In Memoriam: Robert S. Bloch
Professor Emeritus of Music
Robert S. Bloch, UC Davis professor emeritus of music, died on November 4 at age 89. He was a member of the faculty from 1974 to 2000, primarily teaching violin and music theory in addition to giving concerts. The UC Davis Music Department remains grateful for the musicianship Bloch shared on stage and in the classroom. Theodore Karp, a prior faculty member (1963–73) who went on to teach at Northwestern University, previously described Bloch as “A quiet man with a ready, genial wit.” He was also self-admittedly restless, which showed in the breadth of his endeavors.
Bloch’s associations with Davis began well before his professorial appointment. In the 1960s, Bloch was invited to play with the New Music Ensemble, which was an incubator for composer-performers who were experimenting with different methods of creating contemporary music. Its core members included Professor Richard Swift, Larry Austin, Stan Lunetta, and others. UC Davis was the ensemble’s home thanks to Swift, who knew Bloch from their early days studying composition together at the University of Chicago. They initially performed in beatnik hangouts, playing music composed by their own members. Karlheinz Stockhausen, an early artist in residence on campus, took notice and was impressed with the ensemble’s contemporary improvisation skills. The New Music Ensemble took several forms over time. Today, the department’s professional contemporary music ensemble is called the Empyrean Ensemble.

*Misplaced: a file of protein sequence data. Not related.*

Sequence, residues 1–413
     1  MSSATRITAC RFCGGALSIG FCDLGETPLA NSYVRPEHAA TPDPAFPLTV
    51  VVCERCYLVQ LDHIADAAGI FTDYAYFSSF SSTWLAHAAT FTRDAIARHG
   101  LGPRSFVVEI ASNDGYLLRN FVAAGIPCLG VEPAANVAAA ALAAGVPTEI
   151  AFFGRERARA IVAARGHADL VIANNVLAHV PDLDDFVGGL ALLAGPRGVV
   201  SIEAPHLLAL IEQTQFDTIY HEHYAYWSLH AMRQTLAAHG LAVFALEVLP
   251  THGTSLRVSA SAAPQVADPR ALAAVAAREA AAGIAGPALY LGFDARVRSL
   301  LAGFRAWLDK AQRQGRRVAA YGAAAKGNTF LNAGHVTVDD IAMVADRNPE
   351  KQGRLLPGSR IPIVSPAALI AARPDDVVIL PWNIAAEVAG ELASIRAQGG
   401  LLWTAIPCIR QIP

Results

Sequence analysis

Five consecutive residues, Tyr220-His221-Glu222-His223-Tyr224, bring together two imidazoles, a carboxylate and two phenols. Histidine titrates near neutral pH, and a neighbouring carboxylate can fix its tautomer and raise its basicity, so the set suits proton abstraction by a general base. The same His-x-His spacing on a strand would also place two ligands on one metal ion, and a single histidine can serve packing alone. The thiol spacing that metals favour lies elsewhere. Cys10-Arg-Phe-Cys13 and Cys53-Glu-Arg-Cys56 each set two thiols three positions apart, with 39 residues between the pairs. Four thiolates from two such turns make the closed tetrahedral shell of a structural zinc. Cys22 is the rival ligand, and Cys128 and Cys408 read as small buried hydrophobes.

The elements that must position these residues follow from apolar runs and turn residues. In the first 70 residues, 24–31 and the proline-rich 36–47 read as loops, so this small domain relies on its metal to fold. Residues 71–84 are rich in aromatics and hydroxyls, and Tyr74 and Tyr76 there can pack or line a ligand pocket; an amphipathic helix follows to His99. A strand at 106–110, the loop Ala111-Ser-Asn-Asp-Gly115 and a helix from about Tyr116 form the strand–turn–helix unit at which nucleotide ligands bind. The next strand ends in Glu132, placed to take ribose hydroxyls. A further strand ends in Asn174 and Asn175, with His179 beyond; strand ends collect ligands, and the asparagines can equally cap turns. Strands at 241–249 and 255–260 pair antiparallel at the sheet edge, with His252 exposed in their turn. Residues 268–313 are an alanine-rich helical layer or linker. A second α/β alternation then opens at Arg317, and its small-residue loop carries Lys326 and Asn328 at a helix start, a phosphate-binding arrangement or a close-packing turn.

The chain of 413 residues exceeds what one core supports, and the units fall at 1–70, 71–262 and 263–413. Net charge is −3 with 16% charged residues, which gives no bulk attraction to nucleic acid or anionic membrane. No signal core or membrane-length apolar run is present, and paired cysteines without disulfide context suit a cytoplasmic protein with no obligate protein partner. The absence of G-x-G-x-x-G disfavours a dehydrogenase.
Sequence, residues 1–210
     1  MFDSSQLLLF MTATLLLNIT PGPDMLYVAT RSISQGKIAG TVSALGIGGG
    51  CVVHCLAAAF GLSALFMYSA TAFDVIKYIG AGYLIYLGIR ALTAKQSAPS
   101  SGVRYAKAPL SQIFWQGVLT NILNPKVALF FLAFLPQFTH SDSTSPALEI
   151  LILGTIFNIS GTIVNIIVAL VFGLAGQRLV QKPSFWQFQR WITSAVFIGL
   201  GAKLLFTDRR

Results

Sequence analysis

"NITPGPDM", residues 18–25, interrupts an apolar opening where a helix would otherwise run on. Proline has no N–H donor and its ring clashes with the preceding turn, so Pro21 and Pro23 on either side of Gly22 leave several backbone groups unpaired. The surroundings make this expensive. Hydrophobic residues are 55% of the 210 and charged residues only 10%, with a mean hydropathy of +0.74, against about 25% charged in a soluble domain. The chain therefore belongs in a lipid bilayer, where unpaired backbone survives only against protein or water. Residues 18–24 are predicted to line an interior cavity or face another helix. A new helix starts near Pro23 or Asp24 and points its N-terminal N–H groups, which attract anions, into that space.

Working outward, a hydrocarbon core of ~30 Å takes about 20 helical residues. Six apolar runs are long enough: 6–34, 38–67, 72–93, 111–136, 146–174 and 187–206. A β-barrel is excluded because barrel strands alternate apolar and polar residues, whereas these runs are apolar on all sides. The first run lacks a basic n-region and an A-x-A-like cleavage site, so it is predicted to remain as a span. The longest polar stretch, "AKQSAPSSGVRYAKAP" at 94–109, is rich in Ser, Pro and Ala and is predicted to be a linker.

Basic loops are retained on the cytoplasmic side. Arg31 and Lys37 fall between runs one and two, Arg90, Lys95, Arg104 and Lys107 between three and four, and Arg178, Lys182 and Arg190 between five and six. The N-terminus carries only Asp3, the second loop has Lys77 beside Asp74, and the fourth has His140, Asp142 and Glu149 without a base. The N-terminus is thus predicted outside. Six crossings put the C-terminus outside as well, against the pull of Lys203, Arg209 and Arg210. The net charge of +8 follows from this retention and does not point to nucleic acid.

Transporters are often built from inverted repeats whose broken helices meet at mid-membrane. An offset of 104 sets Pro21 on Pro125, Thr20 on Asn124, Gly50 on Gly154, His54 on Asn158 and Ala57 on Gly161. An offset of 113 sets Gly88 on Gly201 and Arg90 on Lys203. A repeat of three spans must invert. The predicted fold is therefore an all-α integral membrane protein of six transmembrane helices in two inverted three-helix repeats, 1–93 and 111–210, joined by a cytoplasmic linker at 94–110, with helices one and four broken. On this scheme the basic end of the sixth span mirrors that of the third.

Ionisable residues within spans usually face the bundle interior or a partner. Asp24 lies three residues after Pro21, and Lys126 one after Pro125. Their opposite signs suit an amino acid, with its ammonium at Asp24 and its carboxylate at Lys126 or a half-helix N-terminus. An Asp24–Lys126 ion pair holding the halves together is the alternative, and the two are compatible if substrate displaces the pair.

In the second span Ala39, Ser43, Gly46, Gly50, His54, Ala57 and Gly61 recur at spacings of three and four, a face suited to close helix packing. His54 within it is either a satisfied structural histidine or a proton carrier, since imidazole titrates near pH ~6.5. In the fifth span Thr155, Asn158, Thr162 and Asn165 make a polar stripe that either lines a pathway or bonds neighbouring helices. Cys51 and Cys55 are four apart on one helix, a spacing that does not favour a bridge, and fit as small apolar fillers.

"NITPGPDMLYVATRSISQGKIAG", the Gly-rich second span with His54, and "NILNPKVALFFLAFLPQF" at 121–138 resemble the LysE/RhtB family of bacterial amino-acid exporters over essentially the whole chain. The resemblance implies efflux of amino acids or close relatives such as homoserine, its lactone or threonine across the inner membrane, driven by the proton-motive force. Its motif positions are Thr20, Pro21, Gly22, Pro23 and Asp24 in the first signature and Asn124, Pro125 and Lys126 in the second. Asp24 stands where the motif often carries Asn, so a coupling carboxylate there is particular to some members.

Orchestral work was a natural fit for a violinist of Bloch’s capabilities. During his service as a member of the U.S. Army’s Seventh Orchestra, he was stationed in Germany from 1958 to 1959, and played concerto solos and often filled the concertmaster seat. After coming to California, he became a violinist in the San Francisco Symphony and San Francisco Opera Orchestra. He would later serve for a time as the principal second violinist of the Minnesota Orchestra. Bloch toured with the Baltimore Symphony Orchestra to Germany, England, and the former Soviet Union. He also conducted the UC Davis Symphony Orchestra in its earliest days and later performed several concertos with the orchestra.
Chamber music attracted Bloch’s musicianship. He formed with Elizabeth Gibson, Tom Stauffer and Duncan Johnstone the Robert Bloch quartet, which first appeared as artists in residence at UC Davis in 1980, and later as a formal quartet in residence. The quartet performed regular recitals on campus and would read new student compositions. Bloch taught chamber music as one of his primary teaching duties.
For a few years, Bloch joined the faculty at Cornell University, where he developed an interest in playing the Baroque violin and in early music performance practice. He collaborated with harpsichordist Louis Bagger, with whom he had a long association. They performed together at Carnegie Hall on more than one occasion. He also served as a visiting faculty member at the Sydney Conservatorium of Music when his wife at the time, harpsichordist and musicologist Susan Erickson, was teaching there.
Bloch’s career awards include a Premier prix avec distinction from the Royal Conservatory of Music, Brussels, as well as a First Prize in the Young Artists Contest of the Society of American Musicians, the Kranichsteiner Musikpreis, and an Alfred Hertz Memorial Fellowship. He recorded for Pathe-Marconi, Musical Heritage, Monitor and Redwood Records.
Bloch is survived by Susan Erickson, to whom he was previously married, and two daughters — Julia Bloch (Syd Zolf) of Philadelphia and Sarah Modrow (Jonathan) of Sacramento — and three grandsons: Isaac, Dominic, and Rafael.